Friday, April 18, 2008

Eat, Drink and Be Merry

Eat, Drink and Be Merry! A recent British study revealed more about how important it is for overall health, and especially brain health, to strike the right combination of food, drink and enjoyment. The study underscored some of the tips that are now becoming common knowledge, but still so hard to implement regularly in our lives. Eating fruits and vegetables every day is a sure bet for helping extend a healthy life. They contribute enormously to sound functioning of the brain as well. Drinking plenty of water and a little alcohol (or grape juice if alcohol does not or should not be a part of your particular regimen) also play a role in adding to your overall physical and brain fitness. And, most importantly, enjoying life and minimizing the effects of stress offer the most advantage to living a full, long, healthy life.

Fascination with centenarians (those who live to 100 or more) builds among scientists as the list of those living to 100 and beyond grows. There are new studies now for what are called supercentenarians, those who live to 110 and beyond, currently numbered at 75 known examples by the Gerontology Research Group of Inglewood, CA. For those who have been identified, the New England Centenarian Study draws some blood to research and analyze. Analyzing DNA and genetic composition are the keys to uncovering some commonality that will crack the code of longevity.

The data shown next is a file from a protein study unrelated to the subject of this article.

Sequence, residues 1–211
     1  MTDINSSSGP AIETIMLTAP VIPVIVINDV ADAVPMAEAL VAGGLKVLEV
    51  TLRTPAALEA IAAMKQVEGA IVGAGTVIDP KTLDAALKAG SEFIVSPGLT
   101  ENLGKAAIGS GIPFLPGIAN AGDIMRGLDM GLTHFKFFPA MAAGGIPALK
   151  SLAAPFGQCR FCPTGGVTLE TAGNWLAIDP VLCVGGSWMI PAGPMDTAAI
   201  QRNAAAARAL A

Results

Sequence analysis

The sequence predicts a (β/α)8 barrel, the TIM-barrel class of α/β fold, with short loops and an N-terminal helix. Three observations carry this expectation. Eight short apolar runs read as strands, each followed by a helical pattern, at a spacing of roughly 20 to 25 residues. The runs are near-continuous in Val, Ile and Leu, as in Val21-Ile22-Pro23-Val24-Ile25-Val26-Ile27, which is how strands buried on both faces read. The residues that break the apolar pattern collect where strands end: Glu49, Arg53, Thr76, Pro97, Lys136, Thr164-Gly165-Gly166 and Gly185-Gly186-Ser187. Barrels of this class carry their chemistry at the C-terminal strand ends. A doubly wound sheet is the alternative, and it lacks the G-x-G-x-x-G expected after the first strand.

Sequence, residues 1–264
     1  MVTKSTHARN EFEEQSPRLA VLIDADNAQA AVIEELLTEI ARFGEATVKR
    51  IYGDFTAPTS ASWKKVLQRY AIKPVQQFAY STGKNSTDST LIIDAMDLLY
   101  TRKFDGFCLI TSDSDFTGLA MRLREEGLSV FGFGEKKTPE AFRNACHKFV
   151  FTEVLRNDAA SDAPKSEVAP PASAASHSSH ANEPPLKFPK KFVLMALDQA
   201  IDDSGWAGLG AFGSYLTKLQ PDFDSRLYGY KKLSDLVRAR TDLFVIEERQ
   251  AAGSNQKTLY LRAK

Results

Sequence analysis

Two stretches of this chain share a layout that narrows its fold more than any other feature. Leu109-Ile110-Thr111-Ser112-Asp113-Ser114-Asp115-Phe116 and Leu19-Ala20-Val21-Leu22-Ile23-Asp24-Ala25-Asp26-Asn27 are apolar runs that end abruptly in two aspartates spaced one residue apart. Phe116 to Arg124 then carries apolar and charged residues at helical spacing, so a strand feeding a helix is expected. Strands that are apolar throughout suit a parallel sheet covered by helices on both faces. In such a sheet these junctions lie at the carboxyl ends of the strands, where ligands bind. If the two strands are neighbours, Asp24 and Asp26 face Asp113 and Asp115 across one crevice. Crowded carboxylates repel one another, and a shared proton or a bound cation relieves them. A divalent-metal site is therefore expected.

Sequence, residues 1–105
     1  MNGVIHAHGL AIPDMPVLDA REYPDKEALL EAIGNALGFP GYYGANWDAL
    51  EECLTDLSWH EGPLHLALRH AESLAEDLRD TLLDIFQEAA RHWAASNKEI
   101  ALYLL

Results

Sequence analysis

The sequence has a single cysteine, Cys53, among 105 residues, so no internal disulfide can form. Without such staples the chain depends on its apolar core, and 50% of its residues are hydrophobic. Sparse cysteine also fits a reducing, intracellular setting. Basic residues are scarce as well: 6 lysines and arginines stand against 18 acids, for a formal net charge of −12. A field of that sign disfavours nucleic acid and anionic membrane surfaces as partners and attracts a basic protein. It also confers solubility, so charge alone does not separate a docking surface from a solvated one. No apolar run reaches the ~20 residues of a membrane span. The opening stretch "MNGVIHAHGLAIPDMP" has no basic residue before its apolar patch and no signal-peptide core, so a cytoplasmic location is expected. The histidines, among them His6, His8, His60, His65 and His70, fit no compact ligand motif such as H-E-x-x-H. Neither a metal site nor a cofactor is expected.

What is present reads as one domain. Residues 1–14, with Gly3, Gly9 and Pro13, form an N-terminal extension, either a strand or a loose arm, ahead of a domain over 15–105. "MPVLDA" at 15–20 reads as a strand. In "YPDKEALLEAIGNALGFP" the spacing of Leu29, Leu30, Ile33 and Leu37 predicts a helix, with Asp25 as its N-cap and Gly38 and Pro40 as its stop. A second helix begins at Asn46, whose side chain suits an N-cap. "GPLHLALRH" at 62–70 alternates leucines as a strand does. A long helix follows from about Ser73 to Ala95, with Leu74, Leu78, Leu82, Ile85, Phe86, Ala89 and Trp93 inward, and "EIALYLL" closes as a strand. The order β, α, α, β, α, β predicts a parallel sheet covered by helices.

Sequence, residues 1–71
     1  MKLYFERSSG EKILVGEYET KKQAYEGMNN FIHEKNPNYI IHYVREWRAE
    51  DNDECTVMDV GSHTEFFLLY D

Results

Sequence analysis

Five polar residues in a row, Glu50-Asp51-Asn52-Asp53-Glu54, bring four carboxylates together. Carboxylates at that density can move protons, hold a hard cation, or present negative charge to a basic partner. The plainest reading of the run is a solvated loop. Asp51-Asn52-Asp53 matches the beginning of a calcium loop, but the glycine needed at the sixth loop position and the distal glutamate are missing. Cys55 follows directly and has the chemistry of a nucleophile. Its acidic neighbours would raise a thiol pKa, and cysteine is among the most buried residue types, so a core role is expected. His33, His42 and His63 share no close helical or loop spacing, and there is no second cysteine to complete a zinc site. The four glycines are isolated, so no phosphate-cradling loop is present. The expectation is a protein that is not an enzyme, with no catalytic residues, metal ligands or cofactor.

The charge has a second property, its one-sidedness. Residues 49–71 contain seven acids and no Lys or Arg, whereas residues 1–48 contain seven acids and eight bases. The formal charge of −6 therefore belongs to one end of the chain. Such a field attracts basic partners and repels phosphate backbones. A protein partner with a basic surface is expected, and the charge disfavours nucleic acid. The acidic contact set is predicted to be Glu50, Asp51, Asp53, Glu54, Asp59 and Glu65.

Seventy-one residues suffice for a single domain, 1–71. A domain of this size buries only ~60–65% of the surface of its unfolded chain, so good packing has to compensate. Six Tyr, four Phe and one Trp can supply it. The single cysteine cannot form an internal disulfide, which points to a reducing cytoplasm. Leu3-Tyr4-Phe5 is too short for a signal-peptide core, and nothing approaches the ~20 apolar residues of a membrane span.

Edna Parker of Shelbyville, MD knows all about this exclusive club. She turned 115 on Sunday, April 20. During her celebration her 59 year old grandson commented that she had never been a worrier. Maybe staying cool and calm, handling stress effectively, does have something to do with staying alive longer. Dr. Tom Perls who directs the New England Centenarian Study says that people like Edna handle stress better than most of us.

She was widowed in 1938 and lived alone until 100. She has now outlived her two children, however, and lives in assisted living. She had on a polka dot dress and pearls for her birthday party. She outlives her two sisters, one of whom lived into her 90s and the other 88. Dr. Nir Bazilai, director of the Albert Einstein College of Medicine’s Institute for Aging Research in New York says that “longevity is in family history,” among other factors.

As Edna reminisced and looked at family photos, she became the oldest living person on record. Happy Birthday, Edna!

To see what your prospects are of living to 100, go to and take the survey. It’s an interesting way to see what kinds of habits and lifestyle choices (at least for the moment) that science is considering to be part of the formula.

As for brain health, learn how to get 10 years of your brain life back, Sign up for a free demo of the Brain Fitness software program on June 10. Learn the science behind brain fitness and how fun focusing on your brain health can be. See our Events calendar for more details and to RSVP.

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